. . . Dated August 3, 1803. - . . . . y - A : . s To all to whom these presents shall come, &c." Now KNow YE, that in compliance with the said proviso, I the said Bryan Donkin do hereby declare, that my said invention is described in manner following; that is to say, I carry my new method of producing a rotary motion into effect by introducing a steam beneath the surface of water, or any other dense fluid, at a temperature too elevated to produce any notable degree of condensation in the same; and I dispose or present within the said water or dense fluid, and immediately over the place of introduction of the said steam, a certain inverted vessel or bucket; which, when filled with (and rendered buoyant by) the said steam, will ascend with £onsiderable force, and carry along with it any other moveable apparatus to which it may be attached, until the arrival of the said vessel or bucket to such a place or position aS shall permit the said steam to escape, And I do dispose, arrange, and combine, various other such buckets or vessels as aforesaid along with the firstmentioned bucket or vessel (either by, fixing the same to the periphery of a wheel, or to a circulating chain, or by any other convenient and suitable method), in such a manner that the ascent of any bucket or buckets containing steam shall regularly and successively cause the other bucket or buckets to arrive at the proper situation

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for becoming likewise charged with steam, and ascend. ing in their turns, And I do declare that my said method of producing a rotary motion doth consist in the construction, use, and application, of the apparatus as here described and combined, namely, of the usual steam boiler or boilers, and of the receptacle, with its charge of hot water or other dense fluid, and of the combination of buckets, by a revolving wheel or by an endless chain and buckets, or by any other of the wellknown ways of applying buckets (in cases where the direct weight, and not the buoyancy of a fluid, is used, as the first mover); and that the motion so produced in the shafts or arbors of the wheels round which the said buckets, in all and every such case and cases, must pass or revolve, in consequence of their successive ascent in the said heated water, or dense fluid, is the rotary motion meant and intended to be produced by my said new method; and moreover, that I do apply the said motion or force to mills, and to other useful purposes,

by the usual and various means of connecting first movers with the several kinds of work intended to be done : all which are too generally known and understood to be repeated in my present specification. In witness, &c.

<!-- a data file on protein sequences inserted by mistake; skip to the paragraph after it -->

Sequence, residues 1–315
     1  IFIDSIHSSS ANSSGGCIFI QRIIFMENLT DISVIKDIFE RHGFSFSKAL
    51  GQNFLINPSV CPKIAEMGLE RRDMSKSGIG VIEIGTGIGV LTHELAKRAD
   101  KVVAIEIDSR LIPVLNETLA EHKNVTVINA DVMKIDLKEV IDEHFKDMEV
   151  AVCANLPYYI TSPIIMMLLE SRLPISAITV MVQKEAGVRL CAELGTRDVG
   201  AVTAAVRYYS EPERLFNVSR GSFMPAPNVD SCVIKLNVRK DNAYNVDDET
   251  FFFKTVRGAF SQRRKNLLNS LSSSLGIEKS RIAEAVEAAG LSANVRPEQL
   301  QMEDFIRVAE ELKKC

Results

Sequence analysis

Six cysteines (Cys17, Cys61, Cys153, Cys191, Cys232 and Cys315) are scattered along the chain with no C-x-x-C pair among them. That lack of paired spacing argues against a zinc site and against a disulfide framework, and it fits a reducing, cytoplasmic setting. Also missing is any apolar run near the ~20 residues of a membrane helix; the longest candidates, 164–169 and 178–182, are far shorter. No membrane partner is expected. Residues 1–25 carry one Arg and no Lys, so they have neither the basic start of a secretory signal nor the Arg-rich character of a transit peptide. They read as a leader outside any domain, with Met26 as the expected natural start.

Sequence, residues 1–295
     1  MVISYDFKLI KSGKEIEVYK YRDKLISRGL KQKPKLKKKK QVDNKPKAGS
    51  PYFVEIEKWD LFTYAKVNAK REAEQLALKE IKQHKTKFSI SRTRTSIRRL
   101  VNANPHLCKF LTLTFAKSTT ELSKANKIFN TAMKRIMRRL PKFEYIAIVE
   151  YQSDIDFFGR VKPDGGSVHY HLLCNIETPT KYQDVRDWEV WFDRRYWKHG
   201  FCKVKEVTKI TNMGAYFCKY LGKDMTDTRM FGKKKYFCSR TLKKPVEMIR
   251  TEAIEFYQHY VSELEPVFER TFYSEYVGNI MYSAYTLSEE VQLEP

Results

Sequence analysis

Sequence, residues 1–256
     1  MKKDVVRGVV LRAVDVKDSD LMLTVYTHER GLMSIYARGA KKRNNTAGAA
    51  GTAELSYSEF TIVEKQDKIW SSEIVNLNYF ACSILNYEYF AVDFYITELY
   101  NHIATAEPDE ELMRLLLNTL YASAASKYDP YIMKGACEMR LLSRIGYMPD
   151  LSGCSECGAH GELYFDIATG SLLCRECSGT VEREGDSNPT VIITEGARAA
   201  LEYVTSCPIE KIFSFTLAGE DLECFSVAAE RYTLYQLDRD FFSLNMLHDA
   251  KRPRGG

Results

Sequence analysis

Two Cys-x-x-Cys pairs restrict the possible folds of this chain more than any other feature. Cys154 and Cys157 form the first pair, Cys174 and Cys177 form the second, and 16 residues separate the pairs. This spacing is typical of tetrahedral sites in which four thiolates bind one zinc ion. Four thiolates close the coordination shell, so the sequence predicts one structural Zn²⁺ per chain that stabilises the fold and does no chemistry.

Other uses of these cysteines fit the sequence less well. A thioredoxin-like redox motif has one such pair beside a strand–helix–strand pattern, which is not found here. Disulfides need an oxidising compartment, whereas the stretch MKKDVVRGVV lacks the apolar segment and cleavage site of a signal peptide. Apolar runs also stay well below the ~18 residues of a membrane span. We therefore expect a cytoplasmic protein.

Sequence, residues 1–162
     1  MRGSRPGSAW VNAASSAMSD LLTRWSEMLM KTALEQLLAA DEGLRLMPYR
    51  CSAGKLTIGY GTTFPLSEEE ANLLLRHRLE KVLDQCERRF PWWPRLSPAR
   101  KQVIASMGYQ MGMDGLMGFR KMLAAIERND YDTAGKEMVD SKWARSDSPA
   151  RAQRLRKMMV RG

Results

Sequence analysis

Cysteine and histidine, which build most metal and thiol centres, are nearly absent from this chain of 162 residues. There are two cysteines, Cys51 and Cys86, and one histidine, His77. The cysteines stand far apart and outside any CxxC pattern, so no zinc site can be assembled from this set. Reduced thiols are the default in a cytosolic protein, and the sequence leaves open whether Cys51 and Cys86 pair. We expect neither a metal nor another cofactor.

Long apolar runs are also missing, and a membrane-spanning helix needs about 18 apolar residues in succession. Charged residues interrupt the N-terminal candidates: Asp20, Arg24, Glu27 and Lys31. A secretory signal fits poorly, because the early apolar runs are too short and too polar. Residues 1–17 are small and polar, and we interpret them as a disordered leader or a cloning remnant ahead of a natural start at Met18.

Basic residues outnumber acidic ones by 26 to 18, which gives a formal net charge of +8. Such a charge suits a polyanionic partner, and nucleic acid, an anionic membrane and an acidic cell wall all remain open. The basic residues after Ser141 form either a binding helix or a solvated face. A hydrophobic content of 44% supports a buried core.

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On the distinctive Difference of Messrs. CHAPMANs' and Mr. Curb's Patents for Flat Ropes.

Communicated by Mr. W. CHAPMAN in a Letter to the &ditors,

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Having observed, since the specification of the patent granted to myself and Mr. Edward W. Chapman, for the formation of “flat bands or belts to be applied. to the drawing of minerals from mines,” has been published in your Repertory, that this invention has been represented in another publication so nearly similar to that of Mr. Curr, of Sheffield, for flat ropes, as to possess no very distinctive difference; I therefore feel it incumbent on me to state the grounds on which the patent for flat belts was taken out; and to say, that as a possessor of other patent property, exclusive of more liberal motives, I should be one of the last to think of infringing on the rights of others.

Mr. Curr expressly states that his method of making flat ropes is to lay two or more small ropes side by side, and to secure them in that position by stitching or interlacing, or by any other method; therefore, it is clear that Mr. Curr confined his invention to what he designed it to be; viz. a more useful combination of small ropes for the end which he proposed, than the making of one great rope for the same purpose; but by no means to preclude the stitching or interiacing together of other substances than rope, because the art of stitching and interlacing of things together was not of itself new. The question therefore rests on the distinctive difference between a rope and any of its component parts, particularly the strand of a strand-laid rope, which (well knowing that a . * strand